Grade Levels: 3-5, 6-8, 9-12

In this Virtual Labs lesson plan, which is adaptable for grades 4-12, students are introduced to water activity levels in food.

Lesson Plan Common Core State Standards Alignments

Students will:

  1. Explore food science lab equipment and standard techniques for measuring water activity.
  2. Participate in a virtual lab to test water activity in food.
  3. Explain why some items that seem to have a high moisture content do not spoil easily.

Materials:

  • Computers with internet access for BrainPOP's GameUp

Preparation:

This lesson uses an online virtual lab that familiarizes students with food science lab equipment and standard techniques for measuring water activity. The interactive animation guides the user through both theory and practice, preparing them for experiences in a real lab.

The lab will reinforce students' knowledge that all living things need water to survive, and enzymes and chemical reactions also require water. If water activity is less than 0.6, almost all microbes, including bacteria, molds, and yeasts, stop growing. This means that food can be preserved against spoilage by lowering its water activity – whether by evaporating water away or binding it up.

After this lesson, we recommend extending student learning with the Virtual Labs Lesson Plan: Controlling Water Activity in Food.

Lesson Procedure:

  1. Hook students into the topic of water activity by asking them what 10 foods they would bring on an extended camping trip into the woods. Provide time for students to talk with a partner and brainstorm.
  2. Ask students to share what provisions they made for food. Which food items would last the longest without spoiling? Why? Students may mention that moist foods – like fresh fruit or raw meat – often have high water activity and spoil quickly. But some foods that seem moist – like jam or pepperoni – don’t spoil as quickly. Why is this?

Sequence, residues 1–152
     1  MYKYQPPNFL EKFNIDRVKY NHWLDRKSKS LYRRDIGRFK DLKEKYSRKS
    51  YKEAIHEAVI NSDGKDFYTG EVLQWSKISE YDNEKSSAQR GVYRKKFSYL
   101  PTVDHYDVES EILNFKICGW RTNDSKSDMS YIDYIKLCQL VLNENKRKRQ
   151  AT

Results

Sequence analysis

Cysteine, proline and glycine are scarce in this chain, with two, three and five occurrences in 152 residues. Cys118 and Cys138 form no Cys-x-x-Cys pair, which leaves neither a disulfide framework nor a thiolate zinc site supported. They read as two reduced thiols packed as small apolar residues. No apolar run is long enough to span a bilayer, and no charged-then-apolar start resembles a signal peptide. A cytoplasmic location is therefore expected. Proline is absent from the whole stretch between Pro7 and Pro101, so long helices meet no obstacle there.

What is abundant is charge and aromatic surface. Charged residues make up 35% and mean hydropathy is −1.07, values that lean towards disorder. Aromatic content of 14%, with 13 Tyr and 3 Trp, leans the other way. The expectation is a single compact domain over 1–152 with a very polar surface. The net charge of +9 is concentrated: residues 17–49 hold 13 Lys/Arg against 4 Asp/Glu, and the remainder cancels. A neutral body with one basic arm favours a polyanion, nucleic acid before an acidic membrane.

3. Introduce the concept of food preservation and drying by projecting the Understanding Water Activity Interactive for the class to see. Have student volunteers complete the first part of the interactive as you help them make connections to prior learning and learn how to utilize the interactive.
  4. Provide 10-15 minutes for students to complete the interactive on their own computer. Alternatively, you can have students work with a partner.
  5. Divide the class into teams and project the game quiz for them to see. Have students compete to see which team can get the most answers correct. Address any misconceptions students have about water activity.
  6. Have students return to the list of foods they decided to take on their fictional camping trip. Are there any items they might want to switch out, based on what they learned through the interactive?
  7. If you have access to a water activity measuring instrument, allow students to test our their ideas and determine the water activity in the items they chose.

Extension Activities:

After this lesson, we recommend extending student learning with the Virtual Labs Lesson Plan: Controlling Water Activity in Food. Be sure to check out the other Virtual Labs games on GameUp!
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